The theme park of coffee is coming to Chicago’s marquee shopping district in a move that a downtown alderman calls further proof of the “changing face” of retailing.
A four-story, 43,000-square-foot Starbucks Reserve and Roastery billed as the world’s largest Starbucks will replace the flagship Crate & Barrel store at 646 N. Michigan Ave.
The new store is expected to open in 2019. It will be the largest of three “interactive” stores where Starbucks coffee will be roasted, brewed and packaged. The first such concept store opened in December 2014 in Seattle, where Starbucks’ corporate headquarters is located.
The second Starbucks Roastery is scheduled to open next year in New York City.
According to the mayor’s office, the new store at Michigan and Erie will “bring coffee craft to life” by showcasing “multiple brewing methods, specialty Reserve beverages and mixology.”
“Chicago’s Magnificent Mile brings in millions of visitors from across this globe and is the perfect location for a world-class coffee destination,” Mayor Rahm Emanuel said.
“This Starbucks Reserve Roastery will be an investment in Chicago and a strong addition to Michigan Avenue, where residents and visitors can enjoy incredible coffees from around the world in a remarkable environment.”
Howard Schultz, executive chairman of Starbucks, said Chicago is a “very special city for me” because it’s the city where the first Starbucks to be built outside of Seattle opened nearly 30 years ago.
“At the time, it was a true test for Starbucks because the Chicago customer is so savvy and discerning about their coffee,” Schultz said in a statement.
“Chicago is a city of neighborhoods, so we took our time to find an incredible space to match the unprecedented coffee experience our premium Roastery will offer. To be located on one of the best-known retail streets in the world is a proud moment for all of us and we can’t wait to bring Chicago and the world a coffee experience worthy of their most premier real estate.”
Downtown Ald. Brendan Reilly said he’s “sad to see” Crate & Barrel leaving after a “good, long run” on Michigan Avenue.
But the decision by Starbucks to build an “experience store” in its place makes sense and underscores the changing face of retailing, he said.
“Not long ago, if you wanted to buy dishes at Crate & Barrel, you’d have to physically walk into the store to get them. Not anymore. You simply go online and click to order. The traditional retail box model will continue to decline over time,” Reilly wrote in an email to the Chicago Sun-Times.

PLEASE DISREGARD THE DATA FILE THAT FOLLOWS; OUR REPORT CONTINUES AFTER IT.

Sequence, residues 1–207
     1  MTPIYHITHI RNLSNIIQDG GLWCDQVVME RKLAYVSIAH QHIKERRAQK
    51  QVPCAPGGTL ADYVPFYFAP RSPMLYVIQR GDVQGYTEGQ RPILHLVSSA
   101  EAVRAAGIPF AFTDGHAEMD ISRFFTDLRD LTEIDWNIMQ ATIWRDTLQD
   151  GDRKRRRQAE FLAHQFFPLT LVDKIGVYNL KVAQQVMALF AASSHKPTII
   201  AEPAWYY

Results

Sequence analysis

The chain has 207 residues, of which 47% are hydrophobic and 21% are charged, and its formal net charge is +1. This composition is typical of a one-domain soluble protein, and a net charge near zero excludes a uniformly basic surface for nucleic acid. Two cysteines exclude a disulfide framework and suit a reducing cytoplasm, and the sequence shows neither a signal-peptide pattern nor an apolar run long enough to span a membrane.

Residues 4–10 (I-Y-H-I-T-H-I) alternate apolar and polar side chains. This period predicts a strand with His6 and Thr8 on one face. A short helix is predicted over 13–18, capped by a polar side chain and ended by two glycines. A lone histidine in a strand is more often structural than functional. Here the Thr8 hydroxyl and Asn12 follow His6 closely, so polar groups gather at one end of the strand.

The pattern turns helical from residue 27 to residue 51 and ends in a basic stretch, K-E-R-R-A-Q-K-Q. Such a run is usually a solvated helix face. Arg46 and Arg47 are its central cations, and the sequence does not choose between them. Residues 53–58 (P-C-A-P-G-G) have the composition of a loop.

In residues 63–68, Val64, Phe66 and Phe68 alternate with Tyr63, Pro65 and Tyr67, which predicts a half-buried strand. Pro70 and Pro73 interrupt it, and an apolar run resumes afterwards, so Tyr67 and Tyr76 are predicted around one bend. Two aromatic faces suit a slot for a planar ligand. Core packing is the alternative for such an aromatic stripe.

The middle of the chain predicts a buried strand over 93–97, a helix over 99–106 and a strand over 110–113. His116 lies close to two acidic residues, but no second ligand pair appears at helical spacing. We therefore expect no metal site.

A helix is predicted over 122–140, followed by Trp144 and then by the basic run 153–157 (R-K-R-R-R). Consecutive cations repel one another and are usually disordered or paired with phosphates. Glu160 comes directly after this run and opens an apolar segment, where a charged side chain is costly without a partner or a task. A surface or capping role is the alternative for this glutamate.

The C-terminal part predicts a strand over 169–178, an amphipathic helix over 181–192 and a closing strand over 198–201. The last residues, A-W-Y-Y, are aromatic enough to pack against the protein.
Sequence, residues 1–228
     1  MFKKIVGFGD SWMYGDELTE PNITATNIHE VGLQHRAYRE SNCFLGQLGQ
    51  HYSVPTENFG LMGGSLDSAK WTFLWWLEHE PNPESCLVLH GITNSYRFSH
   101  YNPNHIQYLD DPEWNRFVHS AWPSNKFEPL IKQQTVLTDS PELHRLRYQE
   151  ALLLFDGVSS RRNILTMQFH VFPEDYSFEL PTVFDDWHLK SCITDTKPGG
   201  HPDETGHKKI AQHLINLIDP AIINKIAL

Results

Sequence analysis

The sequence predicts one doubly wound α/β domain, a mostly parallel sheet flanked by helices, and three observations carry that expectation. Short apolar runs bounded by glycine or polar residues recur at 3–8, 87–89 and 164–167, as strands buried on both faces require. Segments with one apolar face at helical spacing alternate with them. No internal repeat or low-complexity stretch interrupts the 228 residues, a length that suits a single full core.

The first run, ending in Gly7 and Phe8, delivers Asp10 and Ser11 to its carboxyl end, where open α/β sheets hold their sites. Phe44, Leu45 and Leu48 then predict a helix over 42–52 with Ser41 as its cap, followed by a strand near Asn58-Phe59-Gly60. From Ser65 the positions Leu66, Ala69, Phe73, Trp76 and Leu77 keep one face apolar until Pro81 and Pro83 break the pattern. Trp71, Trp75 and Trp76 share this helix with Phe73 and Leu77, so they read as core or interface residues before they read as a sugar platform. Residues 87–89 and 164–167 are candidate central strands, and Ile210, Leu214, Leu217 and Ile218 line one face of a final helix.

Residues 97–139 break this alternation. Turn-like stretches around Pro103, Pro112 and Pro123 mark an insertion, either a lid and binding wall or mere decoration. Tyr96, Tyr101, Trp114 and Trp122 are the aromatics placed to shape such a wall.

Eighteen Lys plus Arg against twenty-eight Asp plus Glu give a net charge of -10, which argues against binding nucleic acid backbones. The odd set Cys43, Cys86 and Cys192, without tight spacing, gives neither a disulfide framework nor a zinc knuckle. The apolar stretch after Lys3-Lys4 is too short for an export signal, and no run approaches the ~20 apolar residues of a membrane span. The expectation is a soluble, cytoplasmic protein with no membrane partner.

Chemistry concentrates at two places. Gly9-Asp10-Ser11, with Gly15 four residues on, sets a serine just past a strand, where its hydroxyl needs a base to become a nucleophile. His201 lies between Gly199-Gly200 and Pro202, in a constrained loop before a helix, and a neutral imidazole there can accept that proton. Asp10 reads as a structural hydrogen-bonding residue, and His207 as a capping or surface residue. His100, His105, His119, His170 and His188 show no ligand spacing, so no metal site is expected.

“That doesn’t mean retail stores will become obsolete. They’re simply changing. Experience stores are less about shopping and more about allowing consumers to interact with products, try them on or out, or to ask questions about them. Then, most consumers leave and order the products online.”
Reilly noted that “Verizon, AT&T, Apple and others” are seeing great success with the experience store model on Michigan Avenue. It makes “perfect sense” for Starbucks to join the parade, he said.
“It is, in effect, a massive coffee ‘experience’ store — that doesn’t just sell coffee, it invites customers to participate,” Reilly said.
“I’m not at all surprised that a major brand like Starbucks would want to open their experience store at this marquee location on Michigan Avenue, and I’m sure they’ll be very successful on that corner.”
John Chikow, president and CEO of the Magnificent Mile Association, predicted that Chicago’s Starbucks Roastery would fast become a tourist attraction.
He said there is no end to the public’s fascination with coffee-making.
“Why is the craft beer and distillery industry growing by leaps and bounds? People are looking for new twists and opportunities to expand their horizons on things they’ve always known,” Chikow said Wednesday.
“I look at what’s happening with Starbucks on the Mile, and what’s happening with Apple on the Mile and I think these are gonna be two of the most photographed retail locations in the world. This is gonna be so significant for Magnificent Mile cache.”
When Crate & Barrel founder Gordon Segal first built the flagship store at 646 N. Michigan, Chikow noted there was an “interesting response to the appropriateness” of the glass building on Michigan Avenue.
“Now, here we are again with a whole new concept. It’s very exciting,” he said.
The glitzy Starbucks Roastery should fit in nicely with the futuristic and translucent Apple Store under construction overlooking the Chicago River. That store will have a glass box entrance on Pioneer Court.
Apple has estimated up to 4,000 people each day will walk down a grand staircase at 401 N. Michigan Ave. — or take an elevator, if need be — to that 20,000-square-foot store, adjacent to the riverwalk.